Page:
Testing for Fusarium Wilt on Canary Island Date Palm

June 10th, 2015
Padma Sudarshana, Ph.D. - Senior Scientist/Account Manager

Canary Island date palm is a popular ornamental tree of landscapes throughout the world. Fusarium wilt caused by Fusarium oxysporum f. sp. canariensis is the most destructive disease affecting palm trees and reported to be widespread. The Fusarium wilt is a soil borne disease and the pathogen is transmitted mechanically through pruning tools (Feather et al. 1979). Symptoms initiate as one side of leaflets turn yellow to brown and the other side remains green. Extensive discoloration occurs along the petiole and the internal vascular tissue appear as pink to reddish brown (Hodel, 2009). Infected palms die rapidly in hot and dry conditions. Current methods of disease control include prevention of pathogen introduction through infected material and removal of infected trees. In the absence of effective prophylactic measures, screening palm trees, nursery materials and seed lots for the presence of pathogen is essential to limit disease spread (Plyler et al. 1999).

Fusarium wilt diagnosis involves isolation of the fungus from affected plant tissue and culturing on agar media. Because several non-pathogenic Fusarium oxysporum isolates are associated with diseased palms, fungal cultures are isolated and further tested by PCR methods. The culture based method requires 8-10 days to complete. CSP Labs has developed a Bio-PCR method for faster and sensitive method for the detection of F. oxysporum f. sp. canariensis isolates and the test can be completed within 5-7 days. The sample submission forms can be found here.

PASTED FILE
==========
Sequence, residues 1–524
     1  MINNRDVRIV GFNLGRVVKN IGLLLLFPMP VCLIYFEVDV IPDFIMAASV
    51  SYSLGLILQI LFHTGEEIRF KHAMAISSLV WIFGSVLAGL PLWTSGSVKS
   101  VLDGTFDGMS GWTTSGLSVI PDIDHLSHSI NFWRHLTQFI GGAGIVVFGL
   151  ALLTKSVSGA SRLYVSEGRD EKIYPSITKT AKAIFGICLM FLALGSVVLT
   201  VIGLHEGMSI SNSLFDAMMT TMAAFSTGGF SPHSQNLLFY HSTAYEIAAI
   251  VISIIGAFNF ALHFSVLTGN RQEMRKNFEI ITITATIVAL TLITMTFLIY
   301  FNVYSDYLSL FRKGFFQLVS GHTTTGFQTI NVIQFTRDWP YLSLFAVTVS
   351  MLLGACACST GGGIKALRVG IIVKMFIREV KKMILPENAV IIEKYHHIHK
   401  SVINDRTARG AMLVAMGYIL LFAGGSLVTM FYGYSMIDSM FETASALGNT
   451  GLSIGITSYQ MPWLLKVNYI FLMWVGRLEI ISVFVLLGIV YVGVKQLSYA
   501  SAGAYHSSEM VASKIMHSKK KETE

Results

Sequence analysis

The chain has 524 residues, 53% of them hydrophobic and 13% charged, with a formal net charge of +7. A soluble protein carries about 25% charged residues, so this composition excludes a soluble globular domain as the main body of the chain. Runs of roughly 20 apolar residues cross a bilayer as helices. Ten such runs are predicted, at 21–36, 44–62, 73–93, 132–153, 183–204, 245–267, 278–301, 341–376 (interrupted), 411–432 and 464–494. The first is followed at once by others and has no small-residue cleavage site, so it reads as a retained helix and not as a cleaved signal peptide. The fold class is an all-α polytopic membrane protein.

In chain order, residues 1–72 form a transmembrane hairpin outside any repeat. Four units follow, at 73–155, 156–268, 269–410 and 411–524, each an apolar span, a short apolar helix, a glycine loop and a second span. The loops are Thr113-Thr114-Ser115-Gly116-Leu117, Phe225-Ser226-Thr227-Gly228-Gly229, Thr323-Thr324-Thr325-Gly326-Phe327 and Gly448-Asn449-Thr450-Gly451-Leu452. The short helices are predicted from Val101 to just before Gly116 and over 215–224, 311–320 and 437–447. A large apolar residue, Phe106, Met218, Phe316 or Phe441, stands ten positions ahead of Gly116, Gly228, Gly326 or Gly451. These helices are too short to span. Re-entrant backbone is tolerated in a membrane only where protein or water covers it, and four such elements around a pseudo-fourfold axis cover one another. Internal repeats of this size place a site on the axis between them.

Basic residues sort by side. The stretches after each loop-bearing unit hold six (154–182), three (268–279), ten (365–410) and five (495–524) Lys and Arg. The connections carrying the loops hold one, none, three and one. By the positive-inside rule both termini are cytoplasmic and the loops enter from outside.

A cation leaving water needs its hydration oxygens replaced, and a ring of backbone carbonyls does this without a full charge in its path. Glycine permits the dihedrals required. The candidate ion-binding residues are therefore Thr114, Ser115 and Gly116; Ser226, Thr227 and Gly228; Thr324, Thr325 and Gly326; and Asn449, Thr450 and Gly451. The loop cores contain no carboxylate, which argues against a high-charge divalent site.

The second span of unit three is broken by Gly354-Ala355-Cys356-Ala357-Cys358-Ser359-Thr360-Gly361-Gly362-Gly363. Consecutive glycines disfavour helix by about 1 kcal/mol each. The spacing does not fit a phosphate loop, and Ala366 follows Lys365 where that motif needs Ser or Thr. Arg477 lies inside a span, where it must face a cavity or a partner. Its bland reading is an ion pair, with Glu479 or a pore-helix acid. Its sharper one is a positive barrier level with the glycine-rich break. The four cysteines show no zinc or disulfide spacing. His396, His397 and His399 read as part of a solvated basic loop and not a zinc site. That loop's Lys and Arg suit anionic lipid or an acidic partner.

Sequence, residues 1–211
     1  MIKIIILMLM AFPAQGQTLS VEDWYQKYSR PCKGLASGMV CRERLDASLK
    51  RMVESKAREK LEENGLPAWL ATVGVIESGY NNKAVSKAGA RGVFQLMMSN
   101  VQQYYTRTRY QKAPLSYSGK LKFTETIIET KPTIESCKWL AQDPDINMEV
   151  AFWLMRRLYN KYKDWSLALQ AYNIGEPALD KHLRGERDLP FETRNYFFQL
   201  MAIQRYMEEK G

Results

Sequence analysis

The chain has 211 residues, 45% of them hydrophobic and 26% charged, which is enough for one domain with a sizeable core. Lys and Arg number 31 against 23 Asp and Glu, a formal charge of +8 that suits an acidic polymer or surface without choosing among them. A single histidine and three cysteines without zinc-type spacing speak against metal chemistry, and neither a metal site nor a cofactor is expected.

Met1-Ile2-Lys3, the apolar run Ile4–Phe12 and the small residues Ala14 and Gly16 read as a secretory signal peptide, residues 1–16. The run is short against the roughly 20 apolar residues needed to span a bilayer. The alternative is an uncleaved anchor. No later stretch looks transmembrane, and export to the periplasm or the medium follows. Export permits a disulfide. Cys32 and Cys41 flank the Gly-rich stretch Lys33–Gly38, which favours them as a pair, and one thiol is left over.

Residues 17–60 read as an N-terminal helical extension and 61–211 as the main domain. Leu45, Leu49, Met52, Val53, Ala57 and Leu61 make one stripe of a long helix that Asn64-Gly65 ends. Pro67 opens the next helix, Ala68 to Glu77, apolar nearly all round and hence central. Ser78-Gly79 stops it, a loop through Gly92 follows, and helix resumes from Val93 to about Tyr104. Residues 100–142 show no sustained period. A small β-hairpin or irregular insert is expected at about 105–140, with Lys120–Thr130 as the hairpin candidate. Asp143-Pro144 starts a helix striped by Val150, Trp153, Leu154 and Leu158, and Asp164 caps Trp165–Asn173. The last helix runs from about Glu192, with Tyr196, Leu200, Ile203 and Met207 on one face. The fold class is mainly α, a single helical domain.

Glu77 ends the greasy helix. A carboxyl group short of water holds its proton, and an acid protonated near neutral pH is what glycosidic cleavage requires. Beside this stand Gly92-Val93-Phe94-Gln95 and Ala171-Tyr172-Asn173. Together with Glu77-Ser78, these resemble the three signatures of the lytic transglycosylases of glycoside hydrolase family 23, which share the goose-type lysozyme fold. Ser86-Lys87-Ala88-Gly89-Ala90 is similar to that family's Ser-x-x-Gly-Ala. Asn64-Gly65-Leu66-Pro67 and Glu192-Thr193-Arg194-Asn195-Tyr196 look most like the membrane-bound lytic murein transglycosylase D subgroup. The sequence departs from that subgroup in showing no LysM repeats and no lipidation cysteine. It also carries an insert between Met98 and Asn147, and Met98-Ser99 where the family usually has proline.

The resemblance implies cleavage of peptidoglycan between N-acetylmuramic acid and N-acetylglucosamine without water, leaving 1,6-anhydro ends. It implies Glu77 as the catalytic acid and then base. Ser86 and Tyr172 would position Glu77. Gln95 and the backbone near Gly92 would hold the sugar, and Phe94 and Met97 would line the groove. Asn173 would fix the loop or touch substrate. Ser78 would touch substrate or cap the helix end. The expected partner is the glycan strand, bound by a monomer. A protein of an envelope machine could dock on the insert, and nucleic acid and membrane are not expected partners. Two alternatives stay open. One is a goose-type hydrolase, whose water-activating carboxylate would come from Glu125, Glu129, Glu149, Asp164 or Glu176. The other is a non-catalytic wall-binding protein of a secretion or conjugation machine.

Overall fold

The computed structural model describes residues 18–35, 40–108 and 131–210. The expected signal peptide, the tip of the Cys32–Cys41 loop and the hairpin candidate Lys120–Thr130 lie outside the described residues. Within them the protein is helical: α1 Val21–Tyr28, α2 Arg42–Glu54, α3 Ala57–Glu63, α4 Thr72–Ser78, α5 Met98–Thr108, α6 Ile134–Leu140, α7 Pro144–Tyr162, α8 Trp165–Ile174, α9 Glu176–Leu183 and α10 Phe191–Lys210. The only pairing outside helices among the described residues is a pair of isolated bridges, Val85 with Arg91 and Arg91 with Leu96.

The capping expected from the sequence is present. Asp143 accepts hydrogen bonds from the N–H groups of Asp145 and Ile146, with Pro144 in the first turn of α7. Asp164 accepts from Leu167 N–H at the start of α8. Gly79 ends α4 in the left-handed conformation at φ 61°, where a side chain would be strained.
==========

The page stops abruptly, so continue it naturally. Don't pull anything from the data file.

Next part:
Fusarium oxysporum f. sp. canariensis. Left on TPDA agar. Right on Komada agar.



  1. Feather, Tolbert V., Howard D. Ohr, and Donald E. Munnecke. “Wilt and dieback of Canary Island palm in California.” California Agriculture 33.7 (1979): 19-20.
  2. Hodel, 2009. Palm diseases in the landscape. UC ANR Publication 74148
  3. Plyler, T. R., Simone, G. W., Fernandez, D., and Kistler, H. C. 1999. Rapid detection of the Fusarium oxysporum lineage containing the Canary Island date palm wilt pathogen. Phytopathology 89:407-413.

Pistachio Bushy Top Syndrome

June 3rd, 2015
Padma Sudarshana, Ph.D. - Senior Scientist/Account Manager

In the recent years, a large number of pistachio trees in California and Arizona orchards have exhibited symptoms such as shortened internodes, twisted roots, stem galls and bushy top. The abnormal growth symptoms were observed with pistachio rootstock, UCB-1 and known to affect 10% to 90% of the trees in an infected orchard (Stamler et al. 2014). A bacterial pathogen, Rhodococcus fascians was identified as the causal organism of the pistachio bushy top syndrome. The California Department of Food and Agriculture (CDFA) assigned a pest rating-C to the pathogen based on the knowledge that R. fascians infections could lower crop yield and result in serious recurring economic losses to the pistachio industry. R. fascians survives as an epiphyte on plant surfaces and favors moist conditions and moderate temperatures. The bacterial transmission occurs primarily through the use of contaminated plant material and can also spread through irrigation water (Chitambar, 2015). R. fascians has a broad host range and survives in soil in the presence of host tissue. The use of disease free plant materials for propagation can be an effective control strategy to limit pathogen spread.